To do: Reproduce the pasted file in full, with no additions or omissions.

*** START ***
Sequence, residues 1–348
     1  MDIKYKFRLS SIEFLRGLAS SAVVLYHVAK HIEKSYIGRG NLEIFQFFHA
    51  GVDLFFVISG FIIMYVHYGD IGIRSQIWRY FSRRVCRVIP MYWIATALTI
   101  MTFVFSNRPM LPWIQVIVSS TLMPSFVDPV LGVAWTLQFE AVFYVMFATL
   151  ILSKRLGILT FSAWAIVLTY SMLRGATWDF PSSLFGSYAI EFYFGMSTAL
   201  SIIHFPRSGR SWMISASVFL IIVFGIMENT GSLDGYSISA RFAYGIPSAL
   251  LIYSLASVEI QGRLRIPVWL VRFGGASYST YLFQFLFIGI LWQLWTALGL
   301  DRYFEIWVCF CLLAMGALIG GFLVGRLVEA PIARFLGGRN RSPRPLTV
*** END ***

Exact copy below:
Sequence, residues 1–348
     1  MDIKYKFRLS SIEFLRGLAS SAVVLYHVAK HIEKSYIGRG NLEIFQFFHA
    51  GVDLFFVISG FIIMYVHYGD IGIRSQIWRY FSRRVCRVIP MYWIATALTI
   101  MTFVFSNRPM LPWIQVIVSS TLMPSFVDPV LGVAWTLQFE AVFYVMFATL
   151  ILSKRLGILT FSAWAIVLTY SMLRGATWDF PSSLFGSYAI EFYFGMSTAL
   201  SIIHFPRSGR SWMISASVFL IIVFGIMENT GSLDGYSISA RFAYGIPSAL
   251  LIYSLASVEI QGRLRIPVWL VRFGGASYST YLFQFLFIGI LWQLWTALGL
   301  DRYFEIWVCF CLLAMGALIG GFLVGRLVEA PIARFLGGRN RSPRPLTV